Neil Dierks Announces Plan to Retire from NPPCSun, 06 Jun 2021 15:20:15 CDT
After 31 years of distinguished service with the National Pork Producers Council (NPPC), including the last 20 as CEO, Neil Dierks has announced his plan to retire from NPPC by the end of the year. The NPPC Board of Directors has initiated a search for a new CEO. Dierks will remain in his role as CEO until the search process is completed and will serve as a strategic counselor during a transition period.
“Over the last 40 years, Neil has made countless, lasting contributions to the U.S. pork industry and established NPPC as a leading national advocacy organization and the global voice of the U.S. pork industry,” said Jen Sorenson, NPPC president and communications director with Iowa Select Farms in West Des Moines, Iowa. “He announces his plan to retire from NPPC at a time when the organization is in a stronger position than ever before to fulfill its advocacy mission.”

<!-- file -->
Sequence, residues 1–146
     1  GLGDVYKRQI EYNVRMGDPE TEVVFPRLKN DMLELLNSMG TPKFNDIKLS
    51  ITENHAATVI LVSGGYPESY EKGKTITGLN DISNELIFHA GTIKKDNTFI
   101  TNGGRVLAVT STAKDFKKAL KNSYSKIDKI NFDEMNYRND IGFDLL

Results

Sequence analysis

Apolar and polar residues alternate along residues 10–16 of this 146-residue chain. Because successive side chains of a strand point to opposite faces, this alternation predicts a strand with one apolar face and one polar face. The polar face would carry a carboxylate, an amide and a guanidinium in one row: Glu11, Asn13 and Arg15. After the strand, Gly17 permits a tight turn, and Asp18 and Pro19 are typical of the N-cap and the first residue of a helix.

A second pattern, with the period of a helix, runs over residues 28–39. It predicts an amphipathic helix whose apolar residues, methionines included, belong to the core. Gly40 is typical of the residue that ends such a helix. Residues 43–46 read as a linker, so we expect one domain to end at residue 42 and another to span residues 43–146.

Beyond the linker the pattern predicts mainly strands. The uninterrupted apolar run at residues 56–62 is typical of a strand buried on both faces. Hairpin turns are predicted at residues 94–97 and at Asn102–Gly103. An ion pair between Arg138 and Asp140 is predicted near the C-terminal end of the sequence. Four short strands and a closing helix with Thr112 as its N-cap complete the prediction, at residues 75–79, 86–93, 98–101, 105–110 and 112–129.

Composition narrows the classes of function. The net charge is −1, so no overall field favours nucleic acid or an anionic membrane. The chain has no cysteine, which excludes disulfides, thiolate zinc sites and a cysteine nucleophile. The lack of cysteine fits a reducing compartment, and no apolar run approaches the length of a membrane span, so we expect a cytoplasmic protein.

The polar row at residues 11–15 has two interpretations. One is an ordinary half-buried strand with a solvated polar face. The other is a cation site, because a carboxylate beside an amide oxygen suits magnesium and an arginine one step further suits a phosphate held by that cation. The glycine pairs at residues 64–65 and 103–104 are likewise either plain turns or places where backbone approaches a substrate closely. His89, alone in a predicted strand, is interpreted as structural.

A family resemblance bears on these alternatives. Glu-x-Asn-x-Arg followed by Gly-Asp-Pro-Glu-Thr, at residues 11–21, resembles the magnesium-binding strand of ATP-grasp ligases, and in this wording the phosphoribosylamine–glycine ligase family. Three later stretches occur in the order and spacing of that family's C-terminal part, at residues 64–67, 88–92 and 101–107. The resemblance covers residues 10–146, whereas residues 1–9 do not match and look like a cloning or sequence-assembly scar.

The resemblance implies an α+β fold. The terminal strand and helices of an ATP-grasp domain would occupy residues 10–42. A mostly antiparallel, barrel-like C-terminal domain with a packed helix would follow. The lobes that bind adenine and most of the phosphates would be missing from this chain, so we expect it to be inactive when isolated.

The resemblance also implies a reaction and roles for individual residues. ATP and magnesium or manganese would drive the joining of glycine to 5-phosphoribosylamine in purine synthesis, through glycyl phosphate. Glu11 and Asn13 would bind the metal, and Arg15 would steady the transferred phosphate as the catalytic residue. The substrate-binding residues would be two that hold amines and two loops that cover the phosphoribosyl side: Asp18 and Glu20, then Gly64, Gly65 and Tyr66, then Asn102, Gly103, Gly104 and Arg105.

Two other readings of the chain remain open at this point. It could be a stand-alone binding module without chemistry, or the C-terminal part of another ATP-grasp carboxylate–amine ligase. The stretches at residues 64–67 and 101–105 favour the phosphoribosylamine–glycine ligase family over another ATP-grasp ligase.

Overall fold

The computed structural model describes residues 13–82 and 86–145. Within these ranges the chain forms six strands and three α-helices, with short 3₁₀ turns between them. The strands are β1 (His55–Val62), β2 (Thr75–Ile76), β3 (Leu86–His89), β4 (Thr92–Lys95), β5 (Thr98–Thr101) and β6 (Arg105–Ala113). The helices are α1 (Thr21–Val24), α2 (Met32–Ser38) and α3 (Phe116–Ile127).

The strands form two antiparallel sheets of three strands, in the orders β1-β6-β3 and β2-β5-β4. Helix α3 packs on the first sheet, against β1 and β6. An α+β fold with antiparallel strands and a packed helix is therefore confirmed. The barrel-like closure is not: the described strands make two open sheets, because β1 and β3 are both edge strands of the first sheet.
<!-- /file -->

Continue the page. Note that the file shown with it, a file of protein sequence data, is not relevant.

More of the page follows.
“I have truly enjoyed my service as CEO of NPPC,” said Dierks. “The chance to interface with producers and others in the pork industry and beyond and to work with producer leaders and the talented NPPC staff has been the highlight of my career.”
The NPPC Board of Directors has assembled a search committee made up of producer leaders and retained Korn Ferry to lead the search for a new CEO. The NPPC board expects to complete the search by the end of the year.
Dierks started his career in the pork industry when he joined the Iowa Pork Producers Association in 1981 to manage the Iowa Pork Congress. He went on to lead legislative state outreach for the organization. After leading field service and state legislative outreach for the Iowa Corn Growers Association, Dierks joined NPPC in 1990 to manage World Pork Expo. He also served as director of operations for NPPC’s CEO, vice president of research and education, and senior vice president of programs. Six months after NPPC and the industry’s checkoff were split into independent organizations, Dierks was recruited from the checkoff to lead NPPC as CEO in 2001, when it had five employees and World Pork Expo was its single source of revenue. He led NPPC’s steady growth over the next 20 years, expanding sources of revenue and establishing it as a highly effective, influential national advocacy organization critical to the profitable growth of U.S. pork producers.
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